pinMode(PIN,OUTPUT);  // not absolutely required
    int DUTY = 20;
    TCCR2B = TCCR2B & 0b11111000 | 6;

void loop() {
  static long counter = 0;
      analogWrite(PIN, counter%255);

I know you can manipulate the frequency better than that, and I have been playing with this for hours and then I finally stumbled upon the final link (which believe it or not, I found via YouTube!).

Using an External Library

To use the PWM library you will need to download it from Google Code, save/import/get it into your library folder, and restart the IDE. Once you do that, you can explicitly set the frequency (within limits, 333Hz is within those limits), and you should be set.

Code example:

#include <PWM.h>
int32_t frequency = 333;

#define PIN 10

void setup(){
    int DUTY = 20;
    InitTimersSafe();                    // won't touch timer0
    SetPinFrequencySafe(PIN,frequency);  // again, not timer0
    pwmWrite(PIN, DUTY * 256 / 100);

There is even a pwmWriteHR which allows for higher resolution, but that does not work with timer2 (which is only an 8-bit timer).

The matching, non-safe (ie initialises and uses timer0 as well) functions are:

InitTimer();  // and

The only limitation I have found so far is that it doesn't work with PWM pin D11. I have tested D3, D9 and D10 (they all worked fine), but I did not get around to testing D5 or D6.

Good luck, I hope this helps.


This will command a Talon SR from an Arduino. I used an Uno and had the Talon hooked up to a CIM motor & gearbox and it ran fine. I don't understand the code well enough to know if it's generating the 1-2ms PWM signal you asked about and your control resolution will definitely be limited to roughly 1% of range - all I know is that it works.

First, make sure your wiring is set up:

Black PWM wire goes to GND Red PWM wire goes to 5V (right next to GND on the Arduino) White PWM wire goes to pin 3 (or some other Arduino PWM pin)

Then try this code:

#include <Servo.h>  //This comes with the Arduino

int talon_pin = 3;

Servo talon;

/* The 'Servo.h' library allows you to control motors and servos by passing any value between
0 and 180 into the "write" method (talon.write() in this program).
For a motor:   0 is full power in one direction,
             180 is full direction in the opposite direction,
              90 is stop.
For a servo:   0 is all the way one direction,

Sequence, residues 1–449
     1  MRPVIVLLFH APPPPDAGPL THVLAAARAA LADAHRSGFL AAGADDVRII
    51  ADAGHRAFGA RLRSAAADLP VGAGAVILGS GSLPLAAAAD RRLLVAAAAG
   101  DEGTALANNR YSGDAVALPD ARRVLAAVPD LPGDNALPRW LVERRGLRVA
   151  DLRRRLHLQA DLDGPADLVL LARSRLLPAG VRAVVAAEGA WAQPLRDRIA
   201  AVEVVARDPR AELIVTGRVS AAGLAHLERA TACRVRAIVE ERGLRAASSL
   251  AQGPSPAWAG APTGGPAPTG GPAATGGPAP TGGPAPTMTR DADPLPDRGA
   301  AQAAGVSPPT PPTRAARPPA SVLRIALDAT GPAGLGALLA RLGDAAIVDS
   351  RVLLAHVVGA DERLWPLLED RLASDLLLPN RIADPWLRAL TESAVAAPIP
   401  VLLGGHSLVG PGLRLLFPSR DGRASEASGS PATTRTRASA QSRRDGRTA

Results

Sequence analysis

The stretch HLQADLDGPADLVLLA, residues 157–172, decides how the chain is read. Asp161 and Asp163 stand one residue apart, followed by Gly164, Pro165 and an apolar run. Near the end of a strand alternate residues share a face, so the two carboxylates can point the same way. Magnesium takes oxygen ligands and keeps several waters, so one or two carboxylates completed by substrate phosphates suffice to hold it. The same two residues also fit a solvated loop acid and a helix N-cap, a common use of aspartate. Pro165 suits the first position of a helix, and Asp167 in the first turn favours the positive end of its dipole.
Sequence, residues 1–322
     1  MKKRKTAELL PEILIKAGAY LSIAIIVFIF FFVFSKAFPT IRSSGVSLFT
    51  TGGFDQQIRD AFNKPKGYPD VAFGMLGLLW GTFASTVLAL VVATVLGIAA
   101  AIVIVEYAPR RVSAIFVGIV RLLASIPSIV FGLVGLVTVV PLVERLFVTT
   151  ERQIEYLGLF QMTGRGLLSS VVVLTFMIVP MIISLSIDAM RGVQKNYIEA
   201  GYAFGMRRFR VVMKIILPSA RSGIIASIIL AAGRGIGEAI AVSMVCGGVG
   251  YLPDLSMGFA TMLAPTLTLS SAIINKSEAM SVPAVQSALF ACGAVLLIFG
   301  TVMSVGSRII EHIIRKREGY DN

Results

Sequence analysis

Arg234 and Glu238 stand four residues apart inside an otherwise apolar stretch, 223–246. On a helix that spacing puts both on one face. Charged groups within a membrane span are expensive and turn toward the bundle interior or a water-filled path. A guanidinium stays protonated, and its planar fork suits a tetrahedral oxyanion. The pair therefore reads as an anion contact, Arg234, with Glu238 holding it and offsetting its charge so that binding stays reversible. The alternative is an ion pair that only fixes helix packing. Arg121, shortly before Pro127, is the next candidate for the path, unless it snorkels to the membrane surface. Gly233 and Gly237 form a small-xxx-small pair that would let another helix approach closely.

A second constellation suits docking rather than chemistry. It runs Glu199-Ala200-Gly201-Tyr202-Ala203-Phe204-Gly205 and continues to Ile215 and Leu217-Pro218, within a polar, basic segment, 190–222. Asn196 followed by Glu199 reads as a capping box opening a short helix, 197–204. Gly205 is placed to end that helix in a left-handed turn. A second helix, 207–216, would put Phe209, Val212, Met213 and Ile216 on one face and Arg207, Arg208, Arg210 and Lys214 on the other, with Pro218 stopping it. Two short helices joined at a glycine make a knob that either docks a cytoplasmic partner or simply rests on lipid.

180 is all the way in the opposite direction,
              90 is the middle.

int talon_max_forward = 180;  //this might not actually be forward
int talon_max_reverse = 00;    //this might not actually be reverse
int talon_stop = 90;          //this is definitely stop (if the Talon is calibrated right)

void setup() {  
  talon.attach(talon_pin);  //This tells the arduino to control this pin like it's a servo/motor  

void loop() {  
  talon.write(talon_max_forward);   //full power one way
  delay(2000);                      //wait 2 seconds
  talon.write(talon_stop);          //full power the other way
  delay(2000);                      //wait 2 seconds
  talon.write(talon_max_reverse);   //full power one way
  delay(2000);                      //wait 2 seconds
  talon.write(talon_stop);          //full power the other way
  delay(2000);                      //wait 2 seconds

The Talon I used was fresh out of the box and had never been calibrated before, so the "stop" didn't actually stop - it just moved slowly.

To calibrate it, use a paper clip or pen / pencil to press and release the CAL button on the Talon (next to the LED). You have to press AND release when commanded to stop (after going full + and full - in between), but the motor doesn't turn when the button is pressed. I calibrated by running the program above with the motor attached, waiting for the motor to "stop", then pressing and holding for 8 seconds. If you have trouble hitting it, increase one of the delays after a talon_stop command.


You'll need to edit the library file, Servo.h.

Find the line...

#define REFRESH_INTERVAL 20000 // minumim time to refresh servos in microseconds

And change the refresh interval - 20000us (20ms) is the standard 50Hz rate.

Change it to 3003 to get 333Hz rate.

This will permanently change the Servo library to 333Hz. If you need 50Hz servos, it would be best to duplicate the Servo library to Servo333 or something.

You will not be able to run both at the same time as they use the same timers.

(This is based on the standard Servo library in arduino 1.06)